In December 1998, the Union brought suit against Smoot, his family members, and Glass Apple in the Circuit Court of Chesterfield County, Virginia seeking to set aside these transfers as fraudulent or voluntary and to have these assets made available for satisfaction of its judgment against Smoot. The Union also filed an ex parte petition for attachment. After the Union posted the necessary bond, the Virginia court issued a writ of attachment, ordering the county sheriff to attach by levy the specified property. Shortly thereafter, CSX filed a petition to intervene in the suit.
Before the state court could hold a hearing on its writ of attachment, Smoot filed a petition for Chapter 7 bankruptcy. The bankruptcy schedules, as amended, claimed an exemption in the amount of $217,000 for the funds Smoot received in connection with the settlement of his FELA suit against CSX. Lynn Tavenner was appointed bankruptcy trustee. In January 1999, Tavenner filed this adversary proceeding objecting to Smoot's discharge in bankruptcy and seeking to avoid and recover the transfers made with the checks drawn on the Home Check Services' account on the ground that, inter alia, Smoot transferred the funds with the intent to defraud his creditors. Tavenner also objected to Smoot's claimed exemption of the $217,000.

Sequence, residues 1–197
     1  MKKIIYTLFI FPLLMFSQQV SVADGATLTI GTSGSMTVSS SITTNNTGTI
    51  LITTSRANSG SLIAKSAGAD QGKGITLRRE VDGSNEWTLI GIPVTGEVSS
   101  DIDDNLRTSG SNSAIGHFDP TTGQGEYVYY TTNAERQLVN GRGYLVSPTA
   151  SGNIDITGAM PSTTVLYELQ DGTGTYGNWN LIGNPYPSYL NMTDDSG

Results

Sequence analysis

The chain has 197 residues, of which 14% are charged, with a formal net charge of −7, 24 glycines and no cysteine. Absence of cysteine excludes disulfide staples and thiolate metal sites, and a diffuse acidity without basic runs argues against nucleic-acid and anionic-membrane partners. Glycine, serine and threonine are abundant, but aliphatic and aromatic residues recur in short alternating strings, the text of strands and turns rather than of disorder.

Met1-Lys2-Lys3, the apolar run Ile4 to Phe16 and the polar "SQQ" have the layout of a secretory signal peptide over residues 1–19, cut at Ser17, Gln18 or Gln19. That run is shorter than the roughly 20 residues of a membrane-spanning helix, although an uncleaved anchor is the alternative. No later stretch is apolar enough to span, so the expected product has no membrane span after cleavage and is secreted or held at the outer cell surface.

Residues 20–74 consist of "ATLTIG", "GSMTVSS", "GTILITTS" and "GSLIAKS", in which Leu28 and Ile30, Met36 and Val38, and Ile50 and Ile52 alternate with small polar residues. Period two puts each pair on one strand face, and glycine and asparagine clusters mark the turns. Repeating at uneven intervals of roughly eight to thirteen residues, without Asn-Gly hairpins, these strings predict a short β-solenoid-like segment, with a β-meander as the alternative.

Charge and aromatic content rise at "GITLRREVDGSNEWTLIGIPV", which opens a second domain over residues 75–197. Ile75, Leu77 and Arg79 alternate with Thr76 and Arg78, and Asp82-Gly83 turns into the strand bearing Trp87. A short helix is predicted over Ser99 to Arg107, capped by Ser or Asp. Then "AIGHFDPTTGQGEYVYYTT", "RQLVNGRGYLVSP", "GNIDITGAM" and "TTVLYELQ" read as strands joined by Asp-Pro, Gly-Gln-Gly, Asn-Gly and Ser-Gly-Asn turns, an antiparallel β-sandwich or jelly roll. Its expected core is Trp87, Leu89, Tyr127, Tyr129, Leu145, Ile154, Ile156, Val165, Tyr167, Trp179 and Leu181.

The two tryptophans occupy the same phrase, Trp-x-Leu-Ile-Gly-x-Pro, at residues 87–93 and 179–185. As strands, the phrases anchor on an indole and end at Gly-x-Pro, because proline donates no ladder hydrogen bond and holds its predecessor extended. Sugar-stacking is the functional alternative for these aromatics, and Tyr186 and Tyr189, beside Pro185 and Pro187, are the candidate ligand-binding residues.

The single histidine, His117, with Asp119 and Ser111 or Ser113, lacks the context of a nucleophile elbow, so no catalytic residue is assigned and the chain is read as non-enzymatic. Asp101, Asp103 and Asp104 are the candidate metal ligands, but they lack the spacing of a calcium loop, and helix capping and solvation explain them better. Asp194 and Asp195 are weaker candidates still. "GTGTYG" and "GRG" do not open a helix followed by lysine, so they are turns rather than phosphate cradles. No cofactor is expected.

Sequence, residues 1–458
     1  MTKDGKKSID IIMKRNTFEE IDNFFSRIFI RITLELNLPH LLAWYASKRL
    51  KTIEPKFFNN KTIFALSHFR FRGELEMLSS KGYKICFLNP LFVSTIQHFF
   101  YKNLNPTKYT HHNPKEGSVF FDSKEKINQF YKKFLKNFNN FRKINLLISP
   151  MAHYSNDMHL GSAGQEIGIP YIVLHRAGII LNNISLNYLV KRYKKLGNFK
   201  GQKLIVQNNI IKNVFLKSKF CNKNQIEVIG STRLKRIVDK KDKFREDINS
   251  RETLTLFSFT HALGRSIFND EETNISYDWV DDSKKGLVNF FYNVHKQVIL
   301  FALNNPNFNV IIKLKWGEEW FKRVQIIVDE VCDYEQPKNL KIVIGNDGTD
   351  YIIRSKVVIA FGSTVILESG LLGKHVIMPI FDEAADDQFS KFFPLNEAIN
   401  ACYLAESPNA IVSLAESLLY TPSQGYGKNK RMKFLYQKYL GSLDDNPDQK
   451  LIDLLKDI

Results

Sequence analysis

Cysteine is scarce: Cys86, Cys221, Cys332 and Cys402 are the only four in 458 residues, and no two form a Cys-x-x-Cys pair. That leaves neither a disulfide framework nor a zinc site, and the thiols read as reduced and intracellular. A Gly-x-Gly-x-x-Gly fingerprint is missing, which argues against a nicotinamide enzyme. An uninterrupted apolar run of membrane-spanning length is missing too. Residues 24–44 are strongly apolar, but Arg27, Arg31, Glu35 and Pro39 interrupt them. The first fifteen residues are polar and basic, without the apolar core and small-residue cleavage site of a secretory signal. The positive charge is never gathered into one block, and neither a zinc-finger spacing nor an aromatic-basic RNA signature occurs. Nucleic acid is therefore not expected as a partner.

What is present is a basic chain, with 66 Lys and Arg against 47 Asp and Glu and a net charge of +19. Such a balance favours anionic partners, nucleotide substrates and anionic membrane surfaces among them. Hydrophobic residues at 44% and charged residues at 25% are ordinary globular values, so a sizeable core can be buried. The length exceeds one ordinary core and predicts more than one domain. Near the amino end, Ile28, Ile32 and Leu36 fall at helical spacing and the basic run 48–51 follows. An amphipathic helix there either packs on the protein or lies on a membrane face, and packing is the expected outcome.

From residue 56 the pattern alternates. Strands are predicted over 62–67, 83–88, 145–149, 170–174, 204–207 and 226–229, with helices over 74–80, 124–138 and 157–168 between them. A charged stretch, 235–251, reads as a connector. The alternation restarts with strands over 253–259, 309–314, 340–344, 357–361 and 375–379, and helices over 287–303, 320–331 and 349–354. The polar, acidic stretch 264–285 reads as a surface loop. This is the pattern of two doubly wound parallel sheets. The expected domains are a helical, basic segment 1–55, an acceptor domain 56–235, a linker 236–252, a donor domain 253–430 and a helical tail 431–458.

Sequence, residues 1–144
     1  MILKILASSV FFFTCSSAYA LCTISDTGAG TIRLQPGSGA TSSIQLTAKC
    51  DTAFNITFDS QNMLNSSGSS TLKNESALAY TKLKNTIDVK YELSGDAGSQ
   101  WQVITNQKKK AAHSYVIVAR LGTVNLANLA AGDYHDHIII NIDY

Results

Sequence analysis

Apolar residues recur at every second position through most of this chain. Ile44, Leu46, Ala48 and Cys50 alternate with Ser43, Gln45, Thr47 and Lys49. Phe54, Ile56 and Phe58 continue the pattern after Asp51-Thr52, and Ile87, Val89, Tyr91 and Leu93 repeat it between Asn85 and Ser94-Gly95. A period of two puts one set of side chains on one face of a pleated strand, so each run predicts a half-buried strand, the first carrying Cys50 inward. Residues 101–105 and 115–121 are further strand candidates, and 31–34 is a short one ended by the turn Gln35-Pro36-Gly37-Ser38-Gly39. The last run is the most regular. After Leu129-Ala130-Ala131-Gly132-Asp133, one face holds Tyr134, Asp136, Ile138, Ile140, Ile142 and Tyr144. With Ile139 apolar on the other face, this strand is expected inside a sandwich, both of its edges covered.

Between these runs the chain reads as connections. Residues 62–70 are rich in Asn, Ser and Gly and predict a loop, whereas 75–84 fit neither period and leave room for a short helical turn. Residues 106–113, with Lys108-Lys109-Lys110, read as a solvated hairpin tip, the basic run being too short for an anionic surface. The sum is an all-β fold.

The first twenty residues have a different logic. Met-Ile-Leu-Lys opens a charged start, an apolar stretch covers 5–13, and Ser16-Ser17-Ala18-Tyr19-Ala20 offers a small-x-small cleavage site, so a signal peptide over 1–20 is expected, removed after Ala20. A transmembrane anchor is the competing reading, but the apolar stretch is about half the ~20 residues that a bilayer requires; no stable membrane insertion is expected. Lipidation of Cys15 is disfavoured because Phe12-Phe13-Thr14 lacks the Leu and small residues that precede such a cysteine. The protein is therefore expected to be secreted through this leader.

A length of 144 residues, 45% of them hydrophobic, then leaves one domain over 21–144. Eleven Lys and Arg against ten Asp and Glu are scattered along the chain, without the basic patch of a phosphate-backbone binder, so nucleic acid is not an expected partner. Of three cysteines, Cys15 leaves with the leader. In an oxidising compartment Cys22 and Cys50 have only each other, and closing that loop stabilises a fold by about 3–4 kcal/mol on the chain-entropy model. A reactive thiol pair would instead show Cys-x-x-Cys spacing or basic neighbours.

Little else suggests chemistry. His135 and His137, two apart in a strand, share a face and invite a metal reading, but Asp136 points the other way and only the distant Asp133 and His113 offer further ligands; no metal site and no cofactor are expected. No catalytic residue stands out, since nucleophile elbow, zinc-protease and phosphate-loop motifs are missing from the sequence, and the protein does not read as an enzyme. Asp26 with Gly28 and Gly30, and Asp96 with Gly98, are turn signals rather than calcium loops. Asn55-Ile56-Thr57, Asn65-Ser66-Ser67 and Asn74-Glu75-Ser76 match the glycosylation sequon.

After holding a hearing on the trustee's objections, the bankruptcy court issued a written opinion declaring that the trustee could avoid the transfers and recover the funds, and denying Smoot a discharge in bankruptcy. The district court upheld the bankruptcy court's decision, and Smoot then appealed to this court.